Even without the introduction, the otterwife felt like she had already met the beast many times before. This was the beast who called for her head for daring to survive, doomed a family to rot in prison, and commanded others to send beasts to their graves. And for what? Measly, worthless coins.

But what was he doing here? What game was he playing? Shouldn't he be...

And then realization hit Minerva. Blasio was a member of FTN. He was funding FTN. If she told Nire the truth, she would have to tell him what the beaver was doing, and that he was double crossing him. And what would a beast like Blasio, who held so much influence, do then?

"Oh, is this your daughter?" Blasio said, placing a massive paw on the young one's shoulder. Knowing full well of her plight, the beaver looked towards Minerva and narrowed his gaze ever so slightly. "She's just as pretty as you are, my dear."

Minerva felt faint.

"Right, shall we get to business then?" Nire said, setting aside his scribbles. Looking straight towards Minerva, he continued. "You know why you're here, Monster. Tell me what FTN is planning and who they are. Now."

Minerva hesitated, her eyes moving from Nire, to Blasio, and to Fable. She thought of Nix and Marik, before finally shaking her head. "No. Not until you promise me my freedom..."

"I've already promised-"

"...and my daughter's."

Nire narrowed his gaze. "I don't have time to argue. Fine. Yes. You may both go free, I promise, but you will tell me everything. Now. You will not have another chance."

Minerva thought of Komi, daring enough to wrap a chain around a scorpion. She thought of Kali, brave, innocent Kali who spoke of hope to Nire himself. She thought of Kentrith, who came back to this hellish place to try and put a stop to it. And she thought of Eve, who refused to run even when the odds were stacked against them. She thought of the vixen's words.

"I'm not a coward like you."

She was right. Nobeast was a coward like her.

Minerva spoke.

"FTN is plannin' on releasin' the boars from their pens int' Northvale. They think it'll cause enough chaos that ye'll be forced t' send some of yer beasts t' round 'em up. While yer guards are distracted, a guard named Tegue will unlock the gates of the Drag. Meanwhile, one beast will be tryin' t' sneak the young 'uns out of the Crater, in hopes that with them safe, other beasts like me with children, will be able t' fight without fear of ye hurtin' them. The gladiators will charge t' the third floor of the Crater t' get as many weapons as they possibly can. From there, they'll storm through every ring of the Crater, freein' anybeast with a collar, until they find you. And well... some of the ideas beasts had t' do to you, I don't feel comfortable sayin' next t' my daughter."

And with only a few words, Minerva had doomed any hope of rebellion.

Nire stopped to consider before asking. "And who is their leader?"

Minerva paused, feeling Blasio's gaze hot on her flesh. "Lady Eveneda Persa," she said. "That's all I know. Now, I want t' take my daughter, and I want t' leave this place."

Nire held up a claw. "Not so fast. We're not done yet." Minerva could only stare in confusion as the lynx turned slowly towards Blasio. "And what say you, Mister Timberfell?"

"What?" Minerva said.

Nire rolled his eyes. "Please. You didn't possibly think that you were my only spy, did you? My friend Blasio here had several of his beasts keeping an eye on things for me. So, tell me, Mister Timberfell, if you'd be so kind, is the Monster here telling the truth?"

The room was quiet save for a low rumbling noise, something that took Minerva a few moments to realize was the sound of Blasio's quiet laughter. Only a moment later, the beaver slapped his knee and launched into near hysterics. "Of course not. Lady Eveneda Persa? That ditzy vixen, the leader of FTN? Do you take Nire to be a bloody fool?"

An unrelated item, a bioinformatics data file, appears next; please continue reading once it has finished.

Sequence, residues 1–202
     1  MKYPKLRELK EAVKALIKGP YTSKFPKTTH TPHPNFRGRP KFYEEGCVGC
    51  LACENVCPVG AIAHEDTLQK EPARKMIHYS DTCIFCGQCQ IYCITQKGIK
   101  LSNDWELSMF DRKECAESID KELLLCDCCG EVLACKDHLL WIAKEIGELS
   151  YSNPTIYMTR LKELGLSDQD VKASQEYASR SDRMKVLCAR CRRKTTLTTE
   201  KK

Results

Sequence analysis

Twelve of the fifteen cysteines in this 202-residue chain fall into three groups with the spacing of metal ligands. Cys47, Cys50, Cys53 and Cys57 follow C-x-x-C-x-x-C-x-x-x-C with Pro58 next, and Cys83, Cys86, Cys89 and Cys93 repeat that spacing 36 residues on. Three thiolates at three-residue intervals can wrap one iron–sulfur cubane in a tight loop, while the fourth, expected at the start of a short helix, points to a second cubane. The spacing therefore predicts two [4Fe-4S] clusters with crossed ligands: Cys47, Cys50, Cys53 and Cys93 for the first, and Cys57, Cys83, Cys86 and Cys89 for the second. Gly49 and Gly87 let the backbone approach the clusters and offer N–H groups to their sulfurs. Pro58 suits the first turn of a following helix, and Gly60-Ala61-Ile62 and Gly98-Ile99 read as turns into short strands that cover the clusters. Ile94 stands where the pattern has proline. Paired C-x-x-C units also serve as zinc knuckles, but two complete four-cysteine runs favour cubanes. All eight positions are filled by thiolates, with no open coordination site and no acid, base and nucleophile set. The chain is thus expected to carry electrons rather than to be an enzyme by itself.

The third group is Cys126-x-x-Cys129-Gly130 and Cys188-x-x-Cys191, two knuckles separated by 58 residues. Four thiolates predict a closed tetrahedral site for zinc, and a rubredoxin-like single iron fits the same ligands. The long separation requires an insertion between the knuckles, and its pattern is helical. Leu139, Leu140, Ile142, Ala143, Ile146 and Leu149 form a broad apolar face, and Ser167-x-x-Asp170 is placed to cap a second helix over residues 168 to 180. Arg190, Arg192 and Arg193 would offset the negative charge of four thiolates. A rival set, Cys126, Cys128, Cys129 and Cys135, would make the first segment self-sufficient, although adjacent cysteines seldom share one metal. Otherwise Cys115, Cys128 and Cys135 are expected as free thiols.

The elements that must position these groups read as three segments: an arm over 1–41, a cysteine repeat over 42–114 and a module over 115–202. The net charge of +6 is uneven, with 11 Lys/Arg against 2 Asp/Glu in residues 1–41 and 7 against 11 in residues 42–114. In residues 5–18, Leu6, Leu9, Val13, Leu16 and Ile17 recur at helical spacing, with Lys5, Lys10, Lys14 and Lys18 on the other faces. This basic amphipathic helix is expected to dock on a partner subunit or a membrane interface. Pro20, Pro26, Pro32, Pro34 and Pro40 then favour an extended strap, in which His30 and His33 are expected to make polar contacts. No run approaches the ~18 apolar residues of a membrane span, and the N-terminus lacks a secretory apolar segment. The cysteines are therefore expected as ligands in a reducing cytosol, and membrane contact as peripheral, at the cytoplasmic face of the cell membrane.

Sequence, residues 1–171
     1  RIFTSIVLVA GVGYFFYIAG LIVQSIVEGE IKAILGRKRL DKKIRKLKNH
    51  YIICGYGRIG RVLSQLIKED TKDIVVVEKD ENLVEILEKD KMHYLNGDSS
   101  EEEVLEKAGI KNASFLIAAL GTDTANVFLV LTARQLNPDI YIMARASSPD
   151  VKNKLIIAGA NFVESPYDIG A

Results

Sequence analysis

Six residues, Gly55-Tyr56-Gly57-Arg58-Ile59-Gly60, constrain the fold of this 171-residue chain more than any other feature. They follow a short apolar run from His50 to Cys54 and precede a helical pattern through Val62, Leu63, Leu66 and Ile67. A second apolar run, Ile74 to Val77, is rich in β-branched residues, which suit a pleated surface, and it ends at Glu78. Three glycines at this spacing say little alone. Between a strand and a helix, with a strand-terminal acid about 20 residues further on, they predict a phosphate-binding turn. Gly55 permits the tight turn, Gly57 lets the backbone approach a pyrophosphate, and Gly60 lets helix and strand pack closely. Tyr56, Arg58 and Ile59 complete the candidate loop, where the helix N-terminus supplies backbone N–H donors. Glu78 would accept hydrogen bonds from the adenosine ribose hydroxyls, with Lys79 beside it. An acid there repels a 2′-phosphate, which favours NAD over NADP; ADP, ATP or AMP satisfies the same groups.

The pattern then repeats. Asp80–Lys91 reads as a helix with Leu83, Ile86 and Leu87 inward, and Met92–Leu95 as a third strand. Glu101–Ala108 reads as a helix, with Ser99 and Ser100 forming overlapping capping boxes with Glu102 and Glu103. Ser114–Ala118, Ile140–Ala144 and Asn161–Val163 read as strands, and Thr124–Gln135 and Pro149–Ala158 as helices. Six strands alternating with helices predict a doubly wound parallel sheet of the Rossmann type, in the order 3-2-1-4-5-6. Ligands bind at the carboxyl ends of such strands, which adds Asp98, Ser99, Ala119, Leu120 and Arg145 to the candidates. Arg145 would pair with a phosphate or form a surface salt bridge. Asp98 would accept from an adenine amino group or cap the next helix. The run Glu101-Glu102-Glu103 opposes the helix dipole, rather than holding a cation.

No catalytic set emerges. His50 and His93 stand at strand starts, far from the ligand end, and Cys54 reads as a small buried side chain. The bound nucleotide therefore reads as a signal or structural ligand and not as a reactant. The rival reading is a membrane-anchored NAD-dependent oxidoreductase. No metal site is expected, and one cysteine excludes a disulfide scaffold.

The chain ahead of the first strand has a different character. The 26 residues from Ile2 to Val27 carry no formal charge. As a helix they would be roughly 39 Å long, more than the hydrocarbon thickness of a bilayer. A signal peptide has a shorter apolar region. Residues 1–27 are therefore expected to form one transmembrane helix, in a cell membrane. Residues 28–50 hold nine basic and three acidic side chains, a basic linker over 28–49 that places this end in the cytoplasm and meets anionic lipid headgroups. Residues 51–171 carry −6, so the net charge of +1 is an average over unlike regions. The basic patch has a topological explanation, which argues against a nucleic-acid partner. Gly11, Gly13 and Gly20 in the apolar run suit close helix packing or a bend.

Minerva froze in disbelief as the beaver continued.

"No, she's lying through her teeth," Blasio said. "The real plan is much more heinous. Like the Monster said, they'll be releasing the boars straight into Northvale- that much is true- but it's in the hopes that they can blame it on you. Innocent beasts will die in that stampede, and with you taking the blame, Northvale will turn against you and the Crater."

"That's what everybeast keeps saying. That Northvale will turn against me. We've had accidents before. Nobeast has turned against us yet."

"Perhaps not. But they will when they find out you've killed all the children you were holding hostage. At least that's what FTN is going to have them believe after they do the deed themselves. And if not then, then certainly after beasts in the audience find themselves with daggers in their backs, or poisoned from your food, or fed to your creatures. How will they feel safe if they think you can't handle some measly rebellion? FTN needs numbers to destroy this place. A hundred gladiators is hardly enough and Northvale will supply the beasts they need."

"I see."

It was a lie. All of it... was a lie. And yet, Blasio was playing Nire for a fool, convincing the paranoid lynx of invisible assassins and nonexistent poisons. But while the beaver was simultaneously saving FTN and the revolt, so too was he damning Minerva.

And he knew it. Because as Nire turned away from him, and towards the otterwife, Blasio Timberfell only smiled.

"Guards, if you would please detain the Monster of Mossflower."

Minerva screamed, scratched, and clawed as the guards descended upon her with chains and weapons drawn. She struggled against them. Fable cried. "He's lying to you!" Minerva shouted as a rat pinned her arms behind her back. "I told ye everything!"

"I don't believe you. I believe you're lying, even now," Nire spat. The lynx crossed his arms as he paced around the restrained otterwife. "Do you remember what I said when you first came here? I told you that a good show requires cooperation. And yet, you seemed to have forgotten that, just as you forgot what would happen... if you didn't."